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Achieving & sustaining audit readiness.

The CNN Money website lists the Fortune 500 companies in order of highest to lowest revenue. (1) The Top 10 are listed in the following table. Leading off that list are the Wal-Mart Stores with revenues of $469.2 billion. If it were included, the Department of Defense (DoD) would top Wal-Mart with revenues of $527.5 billion. For publicly-traded companies, auditable and "clean" financial statements is a normal and expected part of business.

As a member of a federal agency that tops even the biggest earners on this list, I believe there should be no reason not to uphold the same expectation. Moreover, as numerous proponents of audit readiness have pointed out, the DoD remains one of only two Cabinet-level department that has not been able to produce acceptable financial statements that garner clean audit opinions.

Like many of us, I have been thrust into a world of audit readiness over the past several years. Terms and acronyms such as financial improvement and audit readiness (FIAR), Federal Information System Controls Audit Manual (FISCAM), assessable unit (AU), Statement on Standards for Attestation Engagements (SSAE) 16, etc., have become so common place in our everyday work that it seems hard to imagine the DoD without an audit readiness stance.

In this article, I will attempt to lay out the why, what, when, and how of FIAR for the Air Force Materiel Command (AFMC) and others.

You have all seen the standard organizational goals: improve processes; ensure work is done accurately, timely and efficiently; get better; etc. What does it all mean? Organizations, whether public or private, have mission and vision statements that make it seem like they are going to take on the world. Unfortunately, the reality seems to be that people get comfortable no matter how many pep rallies they attend. Flow many times have we all heard, "This is the way we've always done it"? Fortunately, not everyone is so lackadaisical and, for those who are, times are a changin'. It's late 2013 and the taxpayers, through their representatives on the Hill, have spoken. The DoD needs to get a handle on its finances.

Drum roll please ... in comes FIAR! Most DoD personnel by now should at least be somewhat acquainted with FIAR since it is not a new concept. The Department issued its first FIAR plan in 2005, with the first priorities being set in 2009. The FIAR Guidance, (2) issued by the Office of the Under Secretary of Defense (Comptroller)/Chief Financial Officer (OUSD(C)), was originally released in 2010. In its own words, the FIAR Guidance serves to outline "the Department's goals, priorities, strategy, and methodology to becoming audit ready. Furthermore, this guidance details the roles and responsibilities of reporting entities and service providers, as well as the processes they should follow to achieve audit readiness. (3)" As a worker bee among worker bees in an audit readiness shop, the FIAR Guidance has become our rock. Our work, the way we interact with our customers, the way we progress and how we shape our conversations all are affected by the FIAR Guidance.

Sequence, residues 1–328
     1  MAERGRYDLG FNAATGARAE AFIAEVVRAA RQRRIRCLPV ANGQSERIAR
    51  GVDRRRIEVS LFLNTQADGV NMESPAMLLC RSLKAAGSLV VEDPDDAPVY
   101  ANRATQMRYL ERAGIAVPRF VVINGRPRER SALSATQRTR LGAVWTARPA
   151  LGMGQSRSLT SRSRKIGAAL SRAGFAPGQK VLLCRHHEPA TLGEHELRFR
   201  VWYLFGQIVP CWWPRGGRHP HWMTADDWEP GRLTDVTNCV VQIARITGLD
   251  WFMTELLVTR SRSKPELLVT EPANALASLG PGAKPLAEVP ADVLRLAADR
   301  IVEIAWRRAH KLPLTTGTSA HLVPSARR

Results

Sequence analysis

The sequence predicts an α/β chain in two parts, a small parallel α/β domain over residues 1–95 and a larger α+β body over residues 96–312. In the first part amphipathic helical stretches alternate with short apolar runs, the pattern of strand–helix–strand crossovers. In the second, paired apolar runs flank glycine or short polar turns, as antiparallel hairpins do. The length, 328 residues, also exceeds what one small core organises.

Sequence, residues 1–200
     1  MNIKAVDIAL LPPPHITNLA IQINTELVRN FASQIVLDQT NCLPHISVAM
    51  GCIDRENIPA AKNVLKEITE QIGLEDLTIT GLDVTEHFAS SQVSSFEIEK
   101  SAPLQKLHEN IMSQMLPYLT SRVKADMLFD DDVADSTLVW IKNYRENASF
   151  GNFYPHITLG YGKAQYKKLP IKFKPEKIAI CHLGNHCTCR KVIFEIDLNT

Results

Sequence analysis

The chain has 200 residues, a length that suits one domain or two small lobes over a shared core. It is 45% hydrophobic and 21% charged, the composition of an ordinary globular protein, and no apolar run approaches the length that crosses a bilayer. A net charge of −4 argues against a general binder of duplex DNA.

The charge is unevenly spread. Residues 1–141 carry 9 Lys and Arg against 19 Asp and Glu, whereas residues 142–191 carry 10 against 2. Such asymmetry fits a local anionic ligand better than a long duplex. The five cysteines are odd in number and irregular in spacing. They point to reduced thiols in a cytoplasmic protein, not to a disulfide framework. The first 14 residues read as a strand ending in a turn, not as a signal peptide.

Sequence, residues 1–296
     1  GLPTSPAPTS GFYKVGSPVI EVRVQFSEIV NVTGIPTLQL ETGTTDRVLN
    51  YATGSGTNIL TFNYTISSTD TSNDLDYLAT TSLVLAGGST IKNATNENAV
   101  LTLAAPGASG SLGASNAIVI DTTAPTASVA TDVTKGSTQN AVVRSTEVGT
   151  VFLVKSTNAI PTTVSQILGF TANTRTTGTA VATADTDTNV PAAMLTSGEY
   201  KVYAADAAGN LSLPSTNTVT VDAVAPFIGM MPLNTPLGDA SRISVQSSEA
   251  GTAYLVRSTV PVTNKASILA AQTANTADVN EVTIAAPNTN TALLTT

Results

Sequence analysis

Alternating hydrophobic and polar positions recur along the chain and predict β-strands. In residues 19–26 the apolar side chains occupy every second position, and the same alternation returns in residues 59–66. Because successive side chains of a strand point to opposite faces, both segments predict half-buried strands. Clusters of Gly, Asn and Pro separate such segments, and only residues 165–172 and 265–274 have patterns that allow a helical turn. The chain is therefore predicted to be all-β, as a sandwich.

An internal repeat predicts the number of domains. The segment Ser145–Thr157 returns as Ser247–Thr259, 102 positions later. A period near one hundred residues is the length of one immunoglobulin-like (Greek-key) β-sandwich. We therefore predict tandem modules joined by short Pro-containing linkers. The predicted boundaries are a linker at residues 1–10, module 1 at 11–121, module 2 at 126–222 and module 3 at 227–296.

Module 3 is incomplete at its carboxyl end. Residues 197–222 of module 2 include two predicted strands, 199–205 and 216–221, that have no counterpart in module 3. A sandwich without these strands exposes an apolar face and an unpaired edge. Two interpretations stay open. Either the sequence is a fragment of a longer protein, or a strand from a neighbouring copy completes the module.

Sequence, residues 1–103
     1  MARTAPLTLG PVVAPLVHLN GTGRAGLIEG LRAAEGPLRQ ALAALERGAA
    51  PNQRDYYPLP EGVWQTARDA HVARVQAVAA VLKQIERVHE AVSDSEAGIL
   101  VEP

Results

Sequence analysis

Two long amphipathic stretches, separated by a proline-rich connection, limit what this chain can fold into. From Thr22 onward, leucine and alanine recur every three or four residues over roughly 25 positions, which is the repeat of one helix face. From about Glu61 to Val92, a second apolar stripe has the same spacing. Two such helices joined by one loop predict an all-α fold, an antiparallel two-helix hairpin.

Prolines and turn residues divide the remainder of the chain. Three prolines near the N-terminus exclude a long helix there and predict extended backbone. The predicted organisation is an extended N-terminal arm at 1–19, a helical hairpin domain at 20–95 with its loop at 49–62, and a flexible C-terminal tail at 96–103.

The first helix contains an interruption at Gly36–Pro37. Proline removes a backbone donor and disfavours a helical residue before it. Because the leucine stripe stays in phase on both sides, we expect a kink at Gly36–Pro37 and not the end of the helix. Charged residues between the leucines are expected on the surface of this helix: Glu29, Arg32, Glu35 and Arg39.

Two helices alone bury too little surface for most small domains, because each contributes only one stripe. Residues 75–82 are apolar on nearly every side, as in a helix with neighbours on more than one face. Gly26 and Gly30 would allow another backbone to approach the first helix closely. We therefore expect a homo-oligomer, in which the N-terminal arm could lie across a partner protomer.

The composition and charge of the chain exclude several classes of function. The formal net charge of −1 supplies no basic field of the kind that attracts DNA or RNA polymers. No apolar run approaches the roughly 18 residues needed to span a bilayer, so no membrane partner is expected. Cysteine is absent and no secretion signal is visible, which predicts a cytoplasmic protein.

The Hon. Robert F. Hale, Under Secretary of Defense (Comptroller), has stated, "As you know, this audit effort is important for two reasons. First, we need a clean audit to ensure that managers have accurate financial information to make these important decisions. But second--and I think the most important thing--we need to reassure the public and the Congress that we are good stewards of the public funds. (4)" In even more basic terms, we need to be audit ready because it is the law and because we have no excuse not to be audit ready.

The Air Force has been engaged in financial management since its inception in 1947. It hardly seems like anyone can say that auditability of our financial statements is too much to ask.

How then are we wrapping our heads around this concept of FIAR? Many people have trouble keeping their personal checking accounts in order, so how can we confidently grasp Air Force financial statements that include a net position of over $300 billion?

I probably can speak for most inside and out of AFMC when I say, "it's a challenge."

At the most basic level, we know we have to accomplish four tasks. We need to know what we're doing, what we should be doing, how to get there, and how to sustain what we've learned and changed. At AFMC, knowledge of these requirements led us to develop the Compliance Learning Training Model (CLTM) shown below.

I fully acknowledge that, at first glance, this seems like an "eye chart." Nevertheless, it actually is quite simple and offers a framework to follow for all of the assessable units we are reviewing. Not to lose focus, but it even reminds me of the iterations my husband and I go through when working on math homework with my daughter. Anyway, the content of the CLTM can be embraced in the following bullets:

* Determine what the "optimum" product (the item/situation) being tested should look like.

* Look at what is being done to see where areas of improvement may be needed.

* Instruct/train the field.

* Use a sample population to test/grade the results.

* Communicate the results.

* Continue to instruct, test and grade until the results have reached an acceptable level (This has been affectionately dubbed the "washing machine"--Thank you, Dr. Butler!). (5)

* Sustain what has been achieved.

There you have it, the CLTM in a nutshell--the heart of our work. Going beyond the CLTM, we in AFMC have established four guiding principles to keep us focused as we seek to embrace the culture change that will be needed to get to auditable and "clean" financial statements through FIAR.